The section these comics are filed under is the “Law in Popular Culture" Section, which matches up with the stickers on the rest of the books on that shelf: "Lowering the Bar: Lawyer Jokes & Legal Culture”, “Prime Time Law”, “Lawyers in Your Living Room!" and "Reel Justice: The Courtroom Goes to the Movies”!

Not only is it in the right section, it’s also a documented part of the Law Library’s database!

How’s that for decisive evidence?

(via twentypercentcooler)

yourkickstartersucks:

http://en.wikipedia.org/wiki/Bob’s_Game#Rejection_and_protest

After 17 weeks of trying and failing to get Nintendo to provide Pelloni with the SDK, on December 11, 2008, he decided to publicly protest to Nintendo by locking himself in his room for 100 days or until they provided him with the SDK, whichever came first.[1] According to Owen Good from Kotaku, he staged the protest in an effort to gain publicity by making Nintendo look like a corporate bully beating down on an indie game developer.[4] His room had no Internet access (save for broadcasting a live feed of him in his room via a webcam) or television and had only a mobile phone in which he could make calls and send emails and the materials he needed to work on the game.[5] Pelloni made the following comment when he decided to protest:[3]
"I cannot leave this viridian room. The door is locked and barricaded from the outside. I am sleeping behind the camera, and yes- I’ve got a shower. Food is delivered once a week by a friend…This is my 100 day protest to Nintendo!"
—Robert Pelloni

Please read the entire Wikipedia article. Please

yourkickstartersucks:

http://en.wikipedia.org/wiki/Bob’s_Game#Rejection_and_protest

After 17 weeks of trying and failing to get Nintendo to provide Pelloni with the SDK, on December 11, 2008, he decided to publicly protest to Nintendo by locking himself in his room for 100 days or until they provided him with the SDK, whichever came first.[1] According to Owen Good from Kotaku, he staged the protest in an effort to gain publicity by making Nintendo look like a corporate bully beating down on an indie game developer.[4] His room had no Internet access (save for broadcasting a live feed of him in his room via a webcam) or television and had only a mobile phone in which he could make calls and send emails and the materials he needed to work on the game.[5] Pelloni made the following comment when he decided to protest:[3]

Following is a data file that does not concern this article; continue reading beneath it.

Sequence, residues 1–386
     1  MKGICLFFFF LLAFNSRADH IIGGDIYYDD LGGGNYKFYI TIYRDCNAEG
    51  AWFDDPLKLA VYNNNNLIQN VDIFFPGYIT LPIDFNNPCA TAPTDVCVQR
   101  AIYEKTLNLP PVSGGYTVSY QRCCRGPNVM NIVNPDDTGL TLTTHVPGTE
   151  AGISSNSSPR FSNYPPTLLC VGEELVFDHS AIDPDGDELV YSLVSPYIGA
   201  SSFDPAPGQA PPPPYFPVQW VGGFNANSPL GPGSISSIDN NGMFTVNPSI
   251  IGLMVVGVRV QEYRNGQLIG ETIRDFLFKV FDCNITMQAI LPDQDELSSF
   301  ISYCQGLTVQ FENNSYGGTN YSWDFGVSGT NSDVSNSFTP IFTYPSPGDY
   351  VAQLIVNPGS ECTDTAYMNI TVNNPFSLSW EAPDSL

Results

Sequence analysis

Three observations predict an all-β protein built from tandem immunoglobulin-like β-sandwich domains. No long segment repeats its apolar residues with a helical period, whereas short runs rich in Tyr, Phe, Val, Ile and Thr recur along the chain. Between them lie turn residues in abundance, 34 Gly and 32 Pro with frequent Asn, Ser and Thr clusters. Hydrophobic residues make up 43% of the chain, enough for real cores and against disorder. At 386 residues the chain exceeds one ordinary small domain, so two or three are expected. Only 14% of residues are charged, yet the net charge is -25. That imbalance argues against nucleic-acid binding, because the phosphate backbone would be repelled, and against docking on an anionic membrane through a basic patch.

"I cannot leave this viridian room. The door is locked and barricaded from the outside. I am sleeping behind the camera, and yes- I’ve got a shower. Food is delivered once a week by a friend…This is my 100 day protest to Nintendo!"

—Robert Pelloni

Please read the entire Wikipedia article. Please

chrisroberson:

punkstaypunk:

Superman by Dusty Abell

Pure love.

(Presumably this was design work for the 75th anniversary short.)

reasonsmysoniscrying:

"He wasn’t allowed to electrocute himself."Submitted By:  EmilyLocation: Pennsylvania, United States

reasonsmysoniscrying:

"He wasn’t allowed to electrocute himself."
Submitted By:  Emily
Location: Pennsylvania, United States

[T]they want so badly to be “hard” and “edgy” but most often the results are sour, false and cheap. DC Comics is in danger of becoming the literary equivalent of Axe Body Spray.

Steve Bennett on DC Comics (via cooltrainershells)

This comparison is both so good and so obvious that I’m amazing nobody’s come up with it before.

(via comicsriot)

(via tychokepler)

jasonlatour:

mrelephant:

Machine Man by Barry Windsor-Smith

Machine Man was in one of my very first comics. Loved him ever since.

jasonlatour:

mrelephant:

Machine Man by Barry Windsor-Smith

Machine Man was in one of my very first comics. Loved him ever since.

"[T]they want so badly to be “hard” and “edgy” but most often the results are sour, false and cheap. DC Comics is in danger of becoming the literary equivalent of Axe Body Spray."

About:

This is a song about a superhero named Tony

Following: